Ancestry UK

Jersey Industrial School / Home for Boys, Gorey, Channel Isles

In 1867, the Jersey Industrial School was opened in purpose-built premises, near Gorey, in the parish of St Martin. It received up to 45 boys "of the lower classes of society and neglected children", who would have previously been accommodated at the workhouse-like General Hospital in Saint Helier. The institution was not part of the system of Certified Industrial Schools that operated in Great Britain and Ireland, but was similar in character. A home for girls had been opened in 1862.

Jersey Boys' Home, early 1900s.

By the early 1900s, the institution was known as the Jersey Home for Boys. In 1921, the Home was taken over by the States of Jersey, the Island's governing body. During the Island's German occupation during the Second World War, part of the building may have been used as a signal station, but clear documentary evidence about this appears to be lacking.

After the war, the site continued in use as a boys' home, now run by the States' Education Committee. In 1959, following a decision to closed the Jersey Female Orphans Home, the boys' home was remodelled to accommodate up to 35 boys and 10 girls, together with facilities for a small number of infants below the age of two, and short-term accommodation for boys and girls on remand. At the same time, three Family Group Homes were established, each housing up to eight children. The revamped home became known as Four Winds 22nd September 1959, altered to Granville on 5th October 1959, changed again to Haut de Mallet on 19th February 1960; and finally settled as Haut de la Garenne on 9th March 1960.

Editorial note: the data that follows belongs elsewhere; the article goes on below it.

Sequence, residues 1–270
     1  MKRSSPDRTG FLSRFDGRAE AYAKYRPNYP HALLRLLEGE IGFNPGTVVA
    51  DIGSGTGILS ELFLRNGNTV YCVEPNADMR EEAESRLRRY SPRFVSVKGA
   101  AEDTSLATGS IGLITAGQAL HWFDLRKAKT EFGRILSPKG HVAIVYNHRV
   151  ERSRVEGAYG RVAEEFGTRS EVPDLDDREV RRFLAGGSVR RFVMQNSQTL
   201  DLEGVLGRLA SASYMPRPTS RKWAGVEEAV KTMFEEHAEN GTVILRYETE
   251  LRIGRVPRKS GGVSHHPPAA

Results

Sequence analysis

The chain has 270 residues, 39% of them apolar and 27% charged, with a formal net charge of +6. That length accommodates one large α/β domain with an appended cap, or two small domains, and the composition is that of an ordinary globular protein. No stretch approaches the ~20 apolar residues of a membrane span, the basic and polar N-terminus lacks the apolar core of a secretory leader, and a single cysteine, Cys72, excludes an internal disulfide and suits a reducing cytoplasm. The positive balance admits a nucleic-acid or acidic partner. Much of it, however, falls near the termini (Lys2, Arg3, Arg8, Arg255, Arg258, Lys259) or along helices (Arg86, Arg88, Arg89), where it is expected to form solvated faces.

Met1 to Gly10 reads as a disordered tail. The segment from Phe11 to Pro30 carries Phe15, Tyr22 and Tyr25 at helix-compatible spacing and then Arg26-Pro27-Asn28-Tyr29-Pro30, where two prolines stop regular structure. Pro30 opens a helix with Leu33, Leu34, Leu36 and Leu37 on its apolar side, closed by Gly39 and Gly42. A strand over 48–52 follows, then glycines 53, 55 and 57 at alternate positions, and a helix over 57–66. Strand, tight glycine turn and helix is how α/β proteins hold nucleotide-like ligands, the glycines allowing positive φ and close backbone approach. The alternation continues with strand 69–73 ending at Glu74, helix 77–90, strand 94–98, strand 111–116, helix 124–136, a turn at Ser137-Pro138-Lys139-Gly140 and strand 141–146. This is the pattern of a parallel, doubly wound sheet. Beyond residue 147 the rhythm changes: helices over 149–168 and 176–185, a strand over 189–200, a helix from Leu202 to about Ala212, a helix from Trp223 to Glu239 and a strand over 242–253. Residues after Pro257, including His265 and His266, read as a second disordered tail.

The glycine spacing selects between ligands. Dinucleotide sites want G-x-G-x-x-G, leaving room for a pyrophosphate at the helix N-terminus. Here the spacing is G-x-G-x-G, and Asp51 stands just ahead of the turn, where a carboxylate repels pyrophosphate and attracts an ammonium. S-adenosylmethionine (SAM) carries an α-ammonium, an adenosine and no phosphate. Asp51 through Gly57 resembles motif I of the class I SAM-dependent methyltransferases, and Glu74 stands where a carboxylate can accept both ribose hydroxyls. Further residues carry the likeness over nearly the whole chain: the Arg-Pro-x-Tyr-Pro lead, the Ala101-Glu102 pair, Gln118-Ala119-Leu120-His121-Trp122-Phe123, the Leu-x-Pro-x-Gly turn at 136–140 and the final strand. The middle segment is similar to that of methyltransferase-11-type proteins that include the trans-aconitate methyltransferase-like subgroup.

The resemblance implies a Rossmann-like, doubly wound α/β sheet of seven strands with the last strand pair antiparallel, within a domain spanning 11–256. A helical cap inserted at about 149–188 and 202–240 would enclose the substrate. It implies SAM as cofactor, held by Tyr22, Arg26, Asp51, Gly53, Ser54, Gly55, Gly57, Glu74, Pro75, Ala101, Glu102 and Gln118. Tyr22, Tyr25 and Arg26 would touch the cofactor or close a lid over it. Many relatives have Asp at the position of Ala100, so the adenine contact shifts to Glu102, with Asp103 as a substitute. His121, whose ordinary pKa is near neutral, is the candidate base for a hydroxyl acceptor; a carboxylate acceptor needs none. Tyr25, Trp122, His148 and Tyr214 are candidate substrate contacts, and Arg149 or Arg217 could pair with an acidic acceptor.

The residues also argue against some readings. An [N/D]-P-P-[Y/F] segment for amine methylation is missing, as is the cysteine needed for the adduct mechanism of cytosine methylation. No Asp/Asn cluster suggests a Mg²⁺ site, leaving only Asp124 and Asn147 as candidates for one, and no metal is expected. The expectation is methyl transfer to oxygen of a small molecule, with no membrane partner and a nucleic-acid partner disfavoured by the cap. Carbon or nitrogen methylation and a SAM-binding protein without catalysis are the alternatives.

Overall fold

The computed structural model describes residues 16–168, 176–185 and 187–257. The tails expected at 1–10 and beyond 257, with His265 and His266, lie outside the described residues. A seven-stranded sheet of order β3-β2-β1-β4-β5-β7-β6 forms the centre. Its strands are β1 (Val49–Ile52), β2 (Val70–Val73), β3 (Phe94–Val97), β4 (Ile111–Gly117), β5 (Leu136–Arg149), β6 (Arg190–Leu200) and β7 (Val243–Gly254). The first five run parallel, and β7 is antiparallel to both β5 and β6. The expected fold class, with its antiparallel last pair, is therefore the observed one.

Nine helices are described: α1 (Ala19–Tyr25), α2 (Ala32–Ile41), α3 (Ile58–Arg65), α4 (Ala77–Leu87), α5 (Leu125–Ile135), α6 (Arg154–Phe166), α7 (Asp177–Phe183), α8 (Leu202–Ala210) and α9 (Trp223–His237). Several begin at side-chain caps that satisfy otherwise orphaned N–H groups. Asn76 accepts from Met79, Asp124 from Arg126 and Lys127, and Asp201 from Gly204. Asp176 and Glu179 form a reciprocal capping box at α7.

Haut de la Garenne continued in operation until January 1987. The building was then taken over by the Public Works Committee.

Former Jersey Boys' Home. © Peter Higginbotham

In more recent times, the former home's premises have been used as a hostel and activity centre.

In 2004, during the refurbishment of the building, workmen discovered a trapdoor leading down to an underground chamber in which shackles were found. A police investigation finally got under way in 2006, and was accelerated by the public revelations of two sisters, Karen Coote and Cathy Le Monnier, of their sexual abuse at Haute de la Garenne during the 1970s. At the end of the inquiry in 2011, Morag Jordan and her husband Anthony, who had been house-parents at Haut de la Garenne, were jailed for a series of assaults on children at the home over a period of more than 10 years in the 1970s and 80s. A number of other former staff were convicted of sexual offences at the home during the same period.

On 6th December 2010, the Island's Chief Minister made a formal apology to all those who suffered abuse in the States' residential care system, acknowledging that the care system had failed some children in a serious way. At the end of 2013, the The Independent Jersey Care Inquiry began work to investigate a number of 'unresolved issues' in relation to historical abuse in the Island.


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